Norse Mythology by Neil Gaiman
With Marvel reinventing Norse gods like Thor and Loki for the screen, it seems appropriate that someone should come along to breathe new life into the stories of these and the other Scandinavian deities, and who better to do so than Neil Gaiman? Anyone with a passing acquaintance with Gaiman’s Sandman comic book series or his novel American Gods knows that the author has long been fascinated with the gods of Asgard, and I can imagine no one better suited to putting new meat on those old bones. In Gaiman’s able hands, Norse Mythology is an entertaining introduction to the pantheon and a cohesive selection of stories well-told.
Before delving into the origins of the gods of Asgard, Gaiman draws us in, setting upon the stage the three characters with whom we are most well-acquainted:
The all-father, who created the world and who hung from Yggdrasil, the world-tree, nine nights until the runes were revealed to him and he understood magic.
The thunderer – good-natured and powerful, wielding Mjollnir, the hammer forged for him by dwarves, with which he defends Asgard.
A frost giant and Odin’s blood-brother. Shrewd, likable even, Loki is utterly untrustworthy – a shape-shifter who can fly across the sky.
It is Loki, the frost giant – not Thor or Odin – who is at the center of the myths in Gaiman’s Norse Mythology, and not in a good way. As Gaiman tells us, “Loki and his children will be there for Ragnarok, the end of everything, and it will not be on the side of the gods of Asgard that they will fight.”
After reacquainting ourselves with Odin, Thor, and Loki, we dive into the origins of the Norse universe. In the beginning was nothing (as is often the case) – only Surtr, a warrior who stands with a flaming sword. We meet Surtr again at the book’s end, when he burns all existence with that sword. Nasty fellow.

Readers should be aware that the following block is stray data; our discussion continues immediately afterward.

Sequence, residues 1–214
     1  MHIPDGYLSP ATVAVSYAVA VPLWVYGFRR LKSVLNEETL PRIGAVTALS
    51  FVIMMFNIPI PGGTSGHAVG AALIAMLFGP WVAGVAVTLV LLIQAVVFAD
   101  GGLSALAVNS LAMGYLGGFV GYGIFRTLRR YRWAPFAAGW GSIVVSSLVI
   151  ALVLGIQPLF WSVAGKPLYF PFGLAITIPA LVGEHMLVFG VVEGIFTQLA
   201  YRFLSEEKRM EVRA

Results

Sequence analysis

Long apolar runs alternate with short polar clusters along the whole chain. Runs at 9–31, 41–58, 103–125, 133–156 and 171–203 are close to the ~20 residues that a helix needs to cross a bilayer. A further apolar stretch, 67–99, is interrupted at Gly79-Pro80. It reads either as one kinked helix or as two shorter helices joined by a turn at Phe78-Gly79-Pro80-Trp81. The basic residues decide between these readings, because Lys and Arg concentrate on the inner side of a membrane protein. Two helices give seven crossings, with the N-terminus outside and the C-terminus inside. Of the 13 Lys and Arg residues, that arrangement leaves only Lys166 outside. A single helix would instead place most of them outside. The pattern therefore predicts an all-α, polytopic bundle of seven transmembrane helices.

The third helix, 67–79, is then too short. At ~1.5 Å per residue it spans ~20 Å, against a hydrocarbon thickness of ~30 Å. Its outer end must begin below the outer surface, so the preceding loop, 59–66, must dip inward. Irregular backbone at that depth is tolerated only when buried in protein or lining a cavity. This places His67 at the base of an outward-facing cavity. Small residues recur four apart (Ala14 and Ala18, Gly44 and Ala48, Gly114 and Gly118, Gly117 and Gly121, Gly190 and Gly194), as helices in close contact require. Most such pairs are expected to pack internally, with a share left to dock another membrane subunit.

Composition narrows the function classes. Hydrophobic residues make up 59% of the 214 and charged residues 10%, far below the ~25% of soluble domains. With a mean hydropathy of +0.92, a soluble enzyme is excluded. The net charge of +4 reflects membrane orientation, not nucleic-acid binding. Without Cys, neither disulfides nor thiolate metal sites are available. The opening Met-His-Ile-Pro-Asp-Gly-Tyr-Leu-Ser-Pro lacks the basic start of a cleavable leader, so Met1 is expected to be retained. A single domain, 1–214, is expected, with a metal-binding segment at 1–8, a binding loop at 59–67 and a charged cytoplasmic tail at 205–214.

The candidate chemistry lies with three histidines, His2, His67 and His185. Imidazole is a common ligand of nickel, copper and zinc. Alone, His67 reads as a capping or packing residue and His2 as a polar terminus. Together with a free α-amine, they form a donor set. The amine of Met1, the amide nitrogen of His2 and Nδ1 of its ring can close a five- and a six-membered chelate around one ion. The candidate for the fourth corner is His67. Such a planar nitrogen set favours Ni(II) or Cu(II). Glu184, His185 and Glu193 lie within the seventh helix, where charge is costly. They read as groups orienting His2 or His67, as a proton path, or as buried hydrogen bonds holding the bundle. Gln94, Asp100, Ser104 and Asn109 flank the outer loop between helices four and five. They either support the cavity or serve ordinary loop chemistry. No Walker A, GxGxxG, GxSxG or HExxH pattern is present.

We also meet Ymir – genderless, larger than worlds, and the ancestor of all giants – as well as an enormous, hornless cow whose milk Ymir drinks for nourishment. The cow, with its gigantic pink tongue, licks a block of ice into a human shape that becomes Buri, ancestor of the gods. Ymir meanwhile births two giants from which all the other giants are descended. Pretty weird, but still efficient as far as origin stories go. As it happens, Buri is Odin’s grandfather. Odin and his brothers end up killing Ymir and, from its body, creating the world, a flat disk encircled by the sea, at the edges of which live giants. Our world is called Midgard, Middle Earth. You may have heard of it somewhere.
The tales herein are fantastic and we learn of many gods and goddesses of Asgard – Heimdall, watchman of the gods; lovely Sif, Thor’s wife whose hair Loki steals; Frey, who controls the weather and falls madly for a giantess; Idunn, whose apples of immortality Loki steals. Are you sensing a pattern here?
Lovers of mythology will enjoy this short (250 pages) collection of tales, but so will those with a fondness for Gaiman’s wit, as it is present throughout Norse Mythology. It’s less than subtle sometimes, particularly when Gaiman writes of Thor, who becomes something of a comically brutish and slow-witted character in the author’s hands:
“Lit, one of the dwarfs, walked in front of Thor to get a better view of the pyre, and Thor kicked him irritably into the middle of the flames, which made Thor feel slightly better and made all the dwarfs feel much worse.”
We meet tricky frost giants, light elves of Alfheim, dwarves who bring the gods their greatest treasures, and more. Throughout these tales, Gaiman’s runic wizardry rivals that of Odin himself, and when, at Ragnarok, you’ve reached the world’s end and cyclical rebirth, you just may feel compelled to begin again yourself.